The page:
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July 21, 2020

Ferrograo Railroad in Mato Grosso one Step Closer to Fruition

Author: Michael Cordonnier/Soybean & Corn Advisor, Inc.

The long anticipated and discussed Ferrograo Railroad (Grain Railroad) linking the city of Sinop in northern Mato Grosso with the Port of Maritituba on a tributary of the Amazon River moved one step closer to fruition last week.

The Brazilian National Land Transportation Agency (ANTT) in conjunction with the Brazilian Ministry of Infrastructure, sent documents last week to the Brazilian Tribunal de Contas da Union (TCU) detailing the plans and cost of the project including technical and environmental studies. The TCU is the Brazilian Accountability Office, which is an arm of the Legislative Branch that assists the Brazilian Congress in exercising its external audit over the Executive Branch.

All infrastructure projects must be approved by the TCU before it can move on to the bidding process. Barring some unforeseen obstacle, this is the last step before bids can be submitted for the project.

After TCU analyzes and approves the project, technical details of the project will be published by the end of 2020 and bids will be accepted and awarded during the first half of 2021.

The Ferrograo Railroad is 933 kilometers in length and it will transport soybeans, soybean meal, soybean oil, corn, sugar, and ethanol to ports in Brazil's "Northern Arc" of ports. The back haul of the railroad will be fertilizers and petroleum derivatives.

The Minister of Infrastructure, Tarcisio Gomes de Freitas, declared that this is the most ambitious infrastructure project in recent Brazilian history. Today 70% of Mato Grosso's grain exports are via the Ports of Santos in the state of Sao Paulo and the Port of Paranagua in the state of Parana, both of which are approximately 2,000 kilometers from northern Mato Grosso.

In addition to lowering the cost of transporting grain out of Mato Grosso, the railroad would reduce some of the heavy truck traffic on Highway BR-163 and in the process, eliminate approximately one million tons of CO2 emissions.

Construction on the railroad would start in the city of Sinop and work its way northward and there would be a grain terminal for loading and unloading at each end with one in the city of Sinop and a second at the Port of Maritituba. From the Port of Maritituba the soybeans would then be barged down the Amazon River to primarily the Port of Barcarena, which is near the city of Belem located at the southern mouth of the Amazon River.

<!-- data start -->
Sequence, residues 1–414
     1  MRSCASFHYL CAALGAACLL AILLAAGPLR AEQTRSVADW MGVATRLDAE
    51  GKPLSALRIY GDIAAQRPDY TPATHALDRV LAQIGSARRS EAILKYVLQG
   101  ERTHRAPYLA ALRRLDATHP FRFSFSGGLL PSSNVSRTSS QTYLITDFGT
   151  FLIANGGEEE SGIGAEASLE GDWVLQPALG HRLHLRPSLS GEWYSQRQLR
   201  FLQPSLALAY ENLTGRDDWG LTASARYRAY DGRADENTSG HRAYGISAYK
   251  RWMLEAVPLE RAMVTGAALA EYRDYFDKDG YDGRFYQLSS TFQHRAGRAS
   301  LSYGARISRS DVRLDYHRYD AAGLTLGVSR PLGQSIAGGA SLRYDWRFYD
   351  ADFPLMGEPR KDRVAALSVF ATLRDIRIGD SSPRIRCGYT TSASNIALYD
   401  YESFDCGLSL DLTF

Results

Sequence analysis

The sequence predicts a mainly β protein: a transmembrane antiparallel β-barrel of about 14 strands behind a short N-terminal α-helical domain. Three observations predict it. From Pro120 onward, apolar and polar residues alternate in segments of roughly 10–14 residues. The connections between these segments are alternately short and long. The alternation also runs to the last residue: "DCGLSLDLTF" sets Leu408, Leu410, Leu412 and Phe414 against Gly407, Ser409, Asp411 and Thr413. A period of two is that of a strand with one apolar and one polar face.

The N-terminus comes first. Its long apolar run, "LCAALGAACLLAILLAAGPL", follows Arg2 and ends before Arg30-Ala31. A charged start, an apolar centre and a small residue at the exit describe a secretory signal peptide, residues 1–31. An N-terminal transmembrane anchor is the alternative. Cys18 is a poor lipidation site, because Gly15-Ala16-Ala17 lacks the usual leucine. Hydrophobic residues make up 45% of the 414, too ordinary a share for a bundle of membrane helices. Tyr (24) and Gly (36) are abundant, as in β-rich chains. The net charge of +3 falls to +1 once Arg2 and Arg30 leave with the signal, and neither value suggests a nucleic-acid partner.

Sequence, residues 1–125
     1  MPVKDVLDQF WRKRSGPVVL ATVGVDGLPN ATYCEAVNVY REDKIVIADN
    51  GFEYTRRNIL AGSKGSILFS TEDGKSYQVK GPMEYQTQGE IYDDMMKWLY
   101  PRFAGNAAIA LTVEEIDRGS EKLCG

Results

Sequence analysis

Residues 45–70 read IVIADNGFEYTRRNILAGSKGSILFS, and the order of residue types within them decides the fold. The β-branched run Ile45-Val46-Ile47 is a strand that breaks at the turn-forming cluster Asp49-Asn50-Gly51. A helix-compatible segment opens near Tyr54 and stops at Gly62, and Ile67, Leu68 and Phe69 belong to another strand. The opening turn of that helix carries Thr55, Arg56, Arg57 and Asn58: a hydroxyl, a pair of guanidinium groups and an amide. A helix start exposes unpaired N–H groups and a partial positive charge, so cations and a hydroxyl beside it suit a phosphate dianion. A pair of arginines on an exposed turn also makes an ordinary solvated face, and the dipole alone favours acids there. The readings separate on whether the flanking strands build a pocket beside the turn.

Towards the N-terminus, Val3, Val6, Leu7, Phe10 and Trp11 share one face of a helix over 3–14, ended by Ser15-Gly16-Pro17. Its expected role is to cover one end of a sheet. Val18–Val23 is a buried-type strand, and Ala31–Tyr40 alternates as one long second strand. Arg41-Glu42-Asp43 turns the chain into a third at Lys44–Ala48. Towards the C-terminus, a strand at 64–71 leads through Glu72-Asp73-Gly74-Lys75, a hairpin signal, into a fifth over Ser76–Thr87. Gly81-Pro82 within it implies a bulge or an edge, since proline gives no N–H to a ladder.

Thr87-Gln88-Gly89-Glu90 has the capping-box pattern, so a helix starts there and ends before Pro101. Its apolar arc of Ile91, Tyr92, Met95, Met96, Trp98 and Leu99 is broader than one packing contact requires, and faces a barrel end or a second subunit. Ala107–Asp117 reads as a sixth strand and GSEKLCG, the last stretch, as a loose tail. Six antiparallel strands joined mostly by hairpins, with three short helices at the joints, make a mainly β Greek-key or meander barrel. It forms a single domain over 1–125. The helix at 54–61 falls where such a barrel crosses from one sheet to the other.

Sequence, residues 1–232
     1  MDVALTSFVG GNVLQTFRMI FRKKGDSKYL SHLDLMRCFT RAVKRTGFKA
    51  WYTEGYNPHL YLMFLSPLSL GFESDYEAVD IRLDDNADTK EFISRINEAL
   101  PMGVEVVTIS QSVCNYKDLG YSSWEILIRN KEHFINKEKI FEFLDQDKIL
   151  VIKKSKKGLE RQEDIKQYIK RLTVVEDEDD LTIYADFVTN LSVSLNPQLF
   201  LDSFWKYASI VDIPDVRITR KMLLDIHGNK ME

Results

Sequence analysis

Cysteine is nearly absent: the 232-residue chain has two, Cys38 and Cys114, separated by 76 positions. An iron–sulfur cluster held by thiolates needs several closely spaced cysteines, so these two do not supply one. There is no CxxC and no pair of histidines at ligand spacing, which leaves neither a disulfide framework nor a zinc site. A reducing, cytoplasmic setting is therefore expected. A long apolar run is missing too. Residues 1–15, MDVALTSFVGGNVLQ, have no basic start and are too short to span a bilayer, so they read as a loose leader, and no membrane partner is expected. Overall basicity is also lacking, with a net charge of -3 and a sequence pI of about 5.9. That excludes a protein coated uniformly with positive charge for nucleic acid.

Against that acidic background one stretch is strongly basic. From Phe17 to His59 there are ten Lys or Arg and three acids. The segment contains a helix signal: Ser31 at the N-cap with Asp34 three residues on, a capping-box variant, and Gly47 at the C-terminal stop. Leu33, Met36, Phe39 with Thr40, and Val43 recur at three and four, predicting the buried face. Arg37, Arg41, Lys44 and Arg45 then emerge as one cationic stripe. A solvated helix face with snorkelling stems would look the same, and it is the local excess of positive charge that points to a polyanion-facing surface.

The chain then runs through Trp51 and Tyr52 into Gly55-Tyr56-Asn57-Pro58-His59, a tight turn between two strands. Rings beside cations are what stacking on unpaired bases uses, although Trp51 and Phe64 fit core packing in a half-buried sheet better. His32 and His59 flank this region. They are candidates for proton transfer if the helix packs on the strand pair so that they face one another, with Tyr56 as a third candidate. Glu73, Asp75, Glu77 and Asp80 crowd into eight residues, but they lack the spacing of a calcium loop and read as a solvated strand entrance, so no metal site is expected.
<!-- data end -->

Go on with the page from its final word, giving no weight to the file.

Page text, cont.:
Total investments in the project are expected to be R$ 12.7 billion. Investments are expected from multinational grain companies and the Brazilian National Development Bank (BNDES). Personal note - I always view large projects such as this in Brazil with caution because Brazilian cities and the Brazilian countryside are littered with projects that looked good on paper, but the money ran out and the project was never completed.

I don't know anything about building a railroad, but a price tag of R$ 12.7 billion or R$ 15 billion as some are suggesting, seems very low to me for a 933 kilometer railroad running through virgin rain forest and over numerous rivers and including two grain terminals. At the current exchange rate of 5.3 reals per dollar, the R$ 12.7 or R$ 15 billion estimate would equate to $2.3 to $2.8 billion dollars.

I may be too pessimistic, but there are many projects in Brazil that are half completed and abandoned because the project ran out of money. I do think this railroad will be completed because it is so important for the agricultural sector in Brazil, but I also think there will be cost overruns and that more money will have to be appropriated in order to complete the project.

Below is a map of northern Brazil from the publication So Noticias that displays the route of the Ferrograo Railroad (dark green line). In the legend, Ferrograo=Grain Railroad, Hidrovias=navigable waterways, Porto's=ports, Terminais Ferroviarios de Carga/Descarga=loading and unloading railroad terminals. The map shows four ports on the Amazon River, Itacoatiara, Santarem, Santana, and Barcarena. The Port of Barcarena is the largest and would export the largest volume of soybeans and corn out of Mato Grosso.

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